Exploratory Factor Analysis
With one of the two halves of the data (456 participants), an EFA with Kaiser criterion and varimax rotation was carried out on the scores of the socialization practices of the ESPA29. The Kaiser-Meyer-Olkin (KMO) value was 0.62 for the father’ practices and 0.60 for the mother’ practices. The Bartlett test was significant for the fathers’ (χ221 = 812.38; p < 0.01) and the mothers’ practices (χ221 = 741.52; p < 0.01). The factor solution of the fathers’ scores explained 62.16% of the total variance, with two factors with eigenvalue equal to or greater than 1.0. Factor I (acceptance/involvement) explained 33.56% and Factor II (strictness/imposition) explained 28.60%. In the same way, the factor solution of the mothers’ scores explained 58.39% of the total variance, Factor I 31.46% and Factor II 26.93%. In both cases, the fathers’ and the mothers’ scores, the acceptance/involvement factor was made up of the warmth and reasoning subscales, loading positively onto the factor, whereas the indifference and detachment subscales loaded negatively. The factor loadings of the subscales in this factor ranged between 0.70 and 0.84 in the practices of the father and between 0.60 and 0.83 in the practices of the mother. In both, the fathers’ and the mothers’ scores the strictness/imposition factor was made up of the subscales of revoking privileges, verbal scolding, and physical punishment. These subscales loaded positively between 0.64 and 0.88 in fathers’ scores and between 0.58 and 0.87 in the mothers’ scores. Factor loadings of the subscales for both parents are shown in Table 1.
TABLE 1. Principal components analysis with two factors and varimax rotation of fathers’ and mothers’ parenting practices.
Confirmatory Factor Analysis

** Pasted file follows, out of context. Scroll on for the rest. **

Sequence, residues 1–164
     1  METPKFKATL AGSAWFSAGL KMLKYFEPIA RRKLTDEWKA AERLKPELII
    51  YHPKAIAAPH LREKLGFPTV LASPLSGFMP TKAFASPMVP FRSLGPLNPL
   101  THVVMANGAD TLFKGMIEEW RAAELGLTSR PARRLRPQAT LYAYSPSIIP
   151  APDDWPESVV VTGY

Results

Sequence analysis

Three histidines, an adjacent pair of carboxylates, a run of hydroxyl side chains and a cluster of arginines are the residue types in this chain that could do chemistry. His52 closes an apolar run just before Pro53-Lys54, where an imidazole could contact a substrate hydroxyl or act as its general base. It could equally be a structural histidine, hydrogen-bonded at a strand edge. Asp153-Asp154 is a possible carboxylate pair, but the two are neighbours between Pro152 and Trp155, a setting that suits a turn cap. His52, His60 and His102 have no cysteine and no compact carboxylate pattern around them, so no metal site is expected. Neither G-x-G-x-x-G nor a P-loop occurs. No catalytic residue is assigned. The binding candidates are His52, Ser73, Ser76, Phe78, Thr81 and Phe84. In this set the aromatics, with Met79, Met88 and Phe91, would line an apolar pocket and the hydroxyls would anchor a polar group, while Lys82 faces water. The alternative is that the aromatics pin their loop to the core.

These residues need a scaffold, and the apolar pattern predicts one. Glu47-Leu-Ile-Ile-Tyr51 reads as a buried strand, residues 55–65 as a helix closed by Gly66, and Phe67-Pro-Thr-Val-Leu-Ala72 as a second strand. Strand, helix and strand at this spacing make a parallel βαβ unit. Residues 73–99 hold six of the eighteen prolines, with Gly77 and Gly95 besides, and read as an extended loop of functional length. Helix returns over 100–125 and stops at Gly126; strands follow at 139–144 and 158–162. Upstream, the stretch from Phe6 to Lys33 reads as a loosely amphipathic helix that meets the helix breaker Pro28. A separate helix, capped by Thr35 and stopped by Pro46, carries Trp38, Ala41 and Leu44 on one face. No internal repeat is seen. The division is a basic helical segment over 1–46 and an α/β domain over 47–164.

A CFA was carried out on the second half of the data (455 participants). Given the high value of Mardia’s coefficient (36.00 for the fathers’ and 74.74 for the mothers’ scores), robust indicators were utilized. The fit of the models was not appropriate (Table 2, models Father 1 and Mother 1), thus we examined the indexes of modification and set the covariation restrictions free. Hence, the covariation between the following variables was included (fathers and mothers, respectively): detachment and revoking privileges (r = -0.26; r = -0.15), detachment and verbal scolding (r = -0.46; r = -0.44), reasoning and indifference (r = -0.67; r = -0.66), reasoning and verbal scolding (r = 0.72; r = 0.74), reasoning and revoking privileges (r = 0.68; r = 0.60). All the correlations were statistical significant (α < 0.01). Moreover, the correlation between the acceptance/involvement and strictness/imposition of both, the father (r = 0.29, p < 0.01) and the mother (r = 0.31, p < 0.01) was introduced. With these modifications, both CFA’s showed acceptable values (Table 2, models Father 2 and Mother 2).
The factor loadings of parental practices (Table 3) and the correlations between parenting practices are consistent with the theoretical approach. In addition, the factor loadings and the final structure replicated those obtained in the EFA. The correlation between the two dimensions presented values less than 7% of the shared dimensions variance.
For the parenting practices of the mother and the father, the multigroup analysis was performed. First, the unrestricted multigroup model was calculated (Father 2U model and Mother 2U model). The models calculated for both parenting practices of the father and of the mother showed a good multi-sample adjustment, suggesting a common factor structure across the two genders.